An official website of the United States government. Here's how you knowHere's how you know
Official websites use .gov
A .gov website belongs to an official government organization in the United States.
Secure .gov websites use HTTPS
A lock () or https:// means you’ve safely connected to the .gov website. Share sensitive information only on official, secure websites.
Latest Earthquake | Chat Share
The purpose of this project is to trace the lithium (Li) geochemical cycle in the Great Basin, with an emphasis on the pathways that lead to the development of lithium clay and brine resources.
Lithium (Li) is one of the 35 critical mineral resources identified by USGS as necessary to the U.S. economy and national security. Lithium is mined from pegmatites, brines, and clays, but it is the production from brines that dominates international supply. The U.S. has one mine in Nevada that produces lithium from a brine but the output is small in comparison to other, non-U.S. brine resources. With the project demand for lithium and improvements in the extraction technology, lithium-bearing clays could become a larger portion of the U.S. lithium resource portfolio. The discovery of new resources requires expert knowledge of where lithium resides in the Earth's surface and how it is concentrated.
The Great Basin and surrounding regions contain lithium in rhyolites and ignimbrites, brines, geothermal waters, and surface and deep clays in closed basins. The ignimbrites are "part of a larger ignimbrite province that extends from Idaho thru the Sierra Madre Occidental of western Mexico" (Henry and John, 2013). Lithium brine in Clayton Valley NV has been mined for lithium since 1966 and the lithium clay deposit at the McDermitt caldera on the NV-OR border is the largest single lithium resource in the U.S. (~2 Mt). These lithium-bearing resources are components of our larger, "working" model for the genesis and evolution of lithium brine and clay resources in the western U.S.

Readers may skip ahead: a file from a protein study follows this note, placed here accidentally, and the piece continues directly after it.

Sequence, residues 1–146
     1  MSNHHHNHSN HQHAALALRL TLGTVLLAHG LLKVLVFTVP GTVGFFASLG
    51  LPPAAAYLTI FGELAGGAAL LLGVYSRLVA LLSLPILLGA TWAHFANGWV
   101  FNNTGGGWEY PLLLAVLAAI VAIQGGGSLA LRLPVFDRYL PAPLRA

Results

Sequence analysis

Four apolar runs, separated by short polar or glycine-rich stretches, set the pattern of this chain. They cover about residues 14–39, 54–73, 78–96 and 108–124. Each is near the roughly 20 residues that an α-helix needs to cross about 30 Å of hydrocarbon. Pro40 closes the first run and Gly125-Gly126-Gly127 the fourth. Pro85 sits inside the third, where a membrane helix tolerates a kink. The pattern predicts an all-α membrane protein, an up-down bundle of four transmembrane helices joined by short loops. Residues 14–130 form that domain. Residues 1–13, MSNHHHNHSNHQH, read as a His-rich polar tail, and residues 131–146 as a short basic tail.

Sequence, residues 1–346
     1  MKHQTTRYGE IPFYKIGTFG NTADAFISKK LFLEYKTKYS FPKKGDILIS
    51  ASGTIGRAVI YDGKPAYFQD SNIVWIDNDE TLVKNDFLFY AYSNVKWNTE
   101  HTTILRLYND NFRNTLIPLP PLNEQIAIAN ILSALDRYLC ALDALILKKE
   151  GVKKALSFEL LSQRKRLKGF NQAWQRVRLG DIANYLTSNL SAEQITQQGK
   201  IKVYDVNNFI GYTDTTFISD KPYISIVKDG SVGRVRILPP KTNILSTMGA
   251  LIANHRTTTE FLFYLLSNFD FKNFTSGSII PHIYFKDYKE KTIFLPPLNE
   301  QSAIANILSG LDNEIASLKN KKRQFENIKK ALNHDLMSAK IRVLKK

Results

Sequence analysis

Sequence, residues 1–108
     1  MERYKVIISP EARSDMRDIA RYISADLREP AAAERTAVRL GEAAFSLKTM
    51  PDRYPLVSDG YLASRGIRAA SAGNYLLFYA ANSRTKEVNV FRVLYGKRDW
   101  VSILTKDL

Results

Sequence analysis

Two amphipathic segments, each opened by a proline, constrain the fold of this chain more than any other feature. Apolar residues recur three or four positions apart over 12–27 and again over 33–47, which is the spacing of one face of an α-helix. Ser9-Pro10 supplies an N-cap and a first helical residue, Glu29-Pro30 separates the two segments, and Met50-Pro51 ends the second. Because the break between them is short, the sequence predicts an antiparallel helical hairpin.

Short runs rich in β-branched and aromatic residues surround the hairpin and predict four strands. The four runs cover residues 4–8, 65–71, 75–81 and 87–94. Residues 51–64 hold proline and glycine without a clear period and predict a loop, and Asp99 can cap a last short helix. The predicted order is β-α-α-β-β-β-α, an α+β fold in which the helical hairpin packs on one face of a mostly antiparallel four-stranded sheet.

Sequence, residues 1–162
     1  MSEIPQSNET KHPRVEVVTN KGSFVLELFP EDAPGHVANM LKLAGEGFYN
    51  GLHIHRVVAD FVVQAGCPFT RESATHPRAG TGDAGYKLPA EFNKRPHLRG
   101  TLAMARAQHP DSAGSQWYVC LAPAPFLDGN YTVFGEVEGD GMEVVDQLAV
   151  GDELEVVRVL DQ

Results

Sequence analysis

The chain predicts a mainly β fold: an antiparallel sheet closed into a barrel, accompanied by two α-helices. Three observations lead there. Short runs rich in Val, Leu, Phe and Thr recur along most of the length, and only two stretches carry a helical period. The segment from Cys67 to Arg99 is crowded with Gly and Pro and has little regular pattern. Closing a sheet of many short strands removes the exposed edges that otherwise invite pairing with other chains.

We will evaluate the Great Basin and surrounding regions for the components of the lithium brine and clay model by tracing the lithium pathway from source to sink, then use this information to improve our estimates of known lithium resources in brines and clays. Products will be produced in preparation for a future mineral resource assessment for undiscovered lithium resources.
Project tasks will evaluate the following:
Two additional project tasks will utilize the findings from the other project tasks:
Specific study areas include:
Return to Mineral Resources Program | Geology, Minerals, Energy, and Geophysics Science Center
Below are other science projects associated with this project.
Below are partners associated with this project.